Is Vitamin D Related to Thyroid Disorders?
By Jen Morganti, ND, NEEDS Education Director
One of the most common nutrient deficiencies associated with a poorly functioning thyroid is iodine. But other nutrients are also critical for a healthy thyroid. A form of thyroid disease called Hashimoto’s disease, is an autoimmune disease in which antibodies attack important enzymes involved in thyroid hormone production. The end result is hypothyroid symptoms, such as fatigue, depression, joint stiffness, or unexplainable weight gain.
Autoimmune diseases are typically triggered by excessive inflammation which can be caused by factors, such as food sensitivities or leaky gut problems. Nutrient deficiencies may occur and in the case of Hashimoto’s, vitamin D deficiency is common. This deficiency is acknowledged by mainstream medicine, but what is not understood is if D deficiency is the cause or result of the disease.
A study done in Greece, a region known for abundant sunshine and presumably plenty of vitamin D (via synthesis in the skin) explored the connection between vitamin D and Hashimoto’s disease. Researchers set out to investigate the number of Hashimoto’s patients who were deficient in vitamin D and to determine the outcome of replenishing the nutrient in the cases of deficiency.
Out of 218 Greek Hashimoto’s patients, the rate of vitamin D deficiency (set at <20ng/mL) was a remarkable 86%. Most of these patients were found to get plenty of daily sun exposure and shouldn’t have been deficient. So it’s plausible that their ability to convert sun exposure to vitamin D was impaired for some reason. The goal of the study was to increase vitamin D levels in the deficient patients to at least 20ng/mL. They took 1200 IU – 4000 IU vitamin D3 daily to achieve this goal.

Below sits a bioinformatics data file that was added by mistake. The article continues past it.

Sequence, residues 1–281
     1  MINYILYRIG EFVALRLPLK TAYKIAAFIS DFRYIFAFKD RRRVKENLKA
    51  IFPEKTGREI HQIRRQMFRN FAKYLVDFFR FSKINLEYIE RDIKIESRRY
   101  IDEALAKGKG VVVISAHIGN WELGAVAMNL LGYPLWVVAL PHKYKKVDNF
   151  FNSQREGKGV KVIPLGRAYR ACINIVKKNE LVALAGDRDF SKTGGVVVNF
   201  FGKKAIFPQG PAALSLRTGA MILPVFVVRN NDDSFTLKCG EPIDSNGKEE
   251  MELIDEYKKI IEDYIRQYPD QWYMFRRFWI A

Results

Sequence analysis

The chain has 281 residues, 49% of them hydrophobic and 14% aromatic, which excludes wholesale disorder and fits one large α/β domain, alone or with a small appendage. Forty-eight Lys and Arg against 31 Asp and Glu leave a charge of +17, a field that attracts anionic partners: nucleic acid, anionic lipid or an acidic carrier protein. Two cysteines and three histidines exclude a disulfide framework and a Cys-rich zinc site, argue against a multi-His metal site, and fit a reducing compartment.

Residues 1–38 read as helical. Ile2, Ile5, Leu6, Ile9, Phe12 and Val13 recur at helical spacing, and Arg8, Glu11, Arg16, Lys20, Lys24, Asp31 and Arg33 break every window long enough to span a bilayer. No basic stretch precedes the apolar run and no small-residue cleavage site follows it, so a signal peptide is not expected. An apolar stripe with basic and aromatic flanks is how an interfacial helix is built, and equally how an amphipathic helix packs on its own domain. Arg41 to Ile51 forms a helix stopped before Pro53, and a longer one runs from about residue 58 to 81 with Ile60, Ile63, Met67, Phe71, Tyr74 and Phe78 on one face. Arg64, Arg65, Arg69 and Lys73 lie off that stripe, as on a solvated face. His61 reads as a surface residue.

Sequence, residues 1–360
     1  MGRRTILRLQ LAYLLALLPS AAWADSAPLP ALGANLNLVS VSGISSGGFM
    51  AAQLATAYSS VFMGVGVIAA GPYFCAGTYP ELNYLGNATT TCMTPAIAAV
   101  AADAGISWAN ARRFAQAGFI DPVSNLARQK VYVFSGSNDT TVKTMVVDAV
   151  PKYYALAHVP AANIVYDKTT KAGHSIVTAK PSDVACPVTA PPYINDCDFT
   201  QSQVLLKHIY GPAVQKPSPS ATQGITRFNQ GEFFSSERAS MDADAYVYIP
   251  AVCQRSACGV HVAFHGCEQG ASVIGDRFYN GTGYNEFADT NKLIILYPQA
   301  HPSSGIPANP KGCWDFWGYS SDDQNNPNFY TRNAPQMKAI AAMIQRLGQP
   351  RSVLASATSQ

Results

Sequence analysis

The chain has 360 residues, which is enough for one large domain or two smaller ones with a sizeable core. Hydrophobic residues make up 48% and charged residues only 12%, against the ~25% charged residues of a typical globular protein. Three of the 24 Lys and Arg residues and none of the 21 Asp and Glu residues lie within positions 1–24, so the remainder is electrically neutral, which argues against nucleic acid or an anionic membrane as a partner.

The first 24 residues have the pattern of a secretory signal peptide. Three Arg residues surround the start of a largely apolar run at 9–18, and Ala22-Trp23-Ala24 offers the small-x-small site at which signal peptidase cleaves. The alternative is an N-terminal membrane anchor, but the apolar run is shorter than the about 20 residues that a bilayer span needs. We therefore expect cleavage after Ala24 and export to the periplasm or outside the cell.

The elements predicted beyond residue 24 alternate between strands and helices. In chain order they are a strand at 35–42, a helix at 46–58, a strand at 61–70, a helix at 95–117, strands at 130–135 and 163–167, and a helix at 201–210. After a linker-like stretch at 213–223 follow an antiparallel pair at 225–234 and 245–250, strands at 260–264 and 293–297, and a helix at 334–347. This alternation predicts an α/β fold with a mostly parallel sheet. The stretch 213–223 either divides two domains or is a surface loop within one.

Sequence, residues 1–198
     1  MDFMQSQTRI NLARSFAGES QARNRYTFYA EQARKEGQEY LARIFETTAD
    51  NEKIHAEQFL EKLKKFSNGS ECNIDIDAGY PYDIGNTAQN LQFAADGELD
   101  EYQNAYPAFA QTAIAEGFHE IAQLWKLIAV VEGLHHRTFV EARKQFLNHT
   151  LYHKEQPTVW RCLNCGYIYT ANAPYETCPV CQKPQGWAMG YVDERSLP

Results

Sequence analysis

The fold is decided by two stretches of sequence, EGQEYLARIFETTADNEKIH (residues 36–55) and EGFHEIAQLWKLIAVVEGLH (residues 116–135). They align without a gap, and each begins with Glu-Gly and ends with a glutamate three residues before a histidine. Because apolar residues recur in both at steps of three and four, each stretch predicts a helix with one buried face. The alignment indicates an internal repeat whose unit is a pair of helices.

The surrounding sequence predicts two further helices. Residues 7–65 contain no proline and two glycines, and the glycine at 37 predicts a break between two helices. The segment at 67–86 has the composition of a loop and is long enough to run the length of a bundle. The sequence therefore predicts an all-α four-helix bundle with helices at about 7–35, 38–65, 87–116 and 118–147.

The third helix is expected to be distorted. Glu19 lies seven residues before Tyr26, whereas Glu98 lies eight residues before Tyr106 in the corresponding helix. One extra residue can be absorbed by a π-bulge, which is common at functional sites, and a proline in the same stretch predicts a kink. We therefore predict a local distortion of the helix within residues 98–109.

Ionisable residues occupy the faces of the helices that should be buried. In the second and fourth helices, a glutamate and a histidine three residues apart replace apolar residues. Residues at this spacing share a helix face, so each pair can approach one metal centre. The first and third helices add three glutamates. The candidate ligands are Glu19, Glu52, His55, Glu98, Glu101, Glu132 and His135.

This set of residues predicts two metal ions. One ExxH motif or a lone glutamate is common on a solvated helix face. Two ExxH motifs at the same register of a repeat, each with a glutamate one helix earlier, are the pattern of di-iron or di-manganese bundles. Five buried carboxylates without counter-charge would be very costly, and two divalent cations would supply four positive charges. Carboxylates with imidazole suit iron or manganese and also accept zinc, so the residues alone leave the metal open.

To determine the effect of increasing vitamin D levels on the disease, anti- TPO levels were measured before and after the study. Anti-TPO antibodies are the marker for this particular autoimmune disease and higher levels indicate a more severe case of Hashimoto’s disease.
When the four month study was complete, anti-TPO antibodies decreased significantly—on average about 20%. Based on this limited study, it seems that vitamin D deficiency was at least partly the cause of Hashimoto’s. Because of their initial success, it would have been interesting to extend the study and see if continuing vitamin D supplementation dropped anti-TPO antibodies further over the course of the following year.
Vitamin D is surely not the only factor to cause Hashimoto’s disease, but it appears that being deficient in the nutrient can be one of the triggers for this autoimmune disease for those whom are predisposed. If you suffer from Hashimoto’s or have a family history of it be sure to check your D levels, but also investigate food allergies, especially gluten sensitivity, and take a good multivitamin to get the necessary co-factors for thyroid hormone production.
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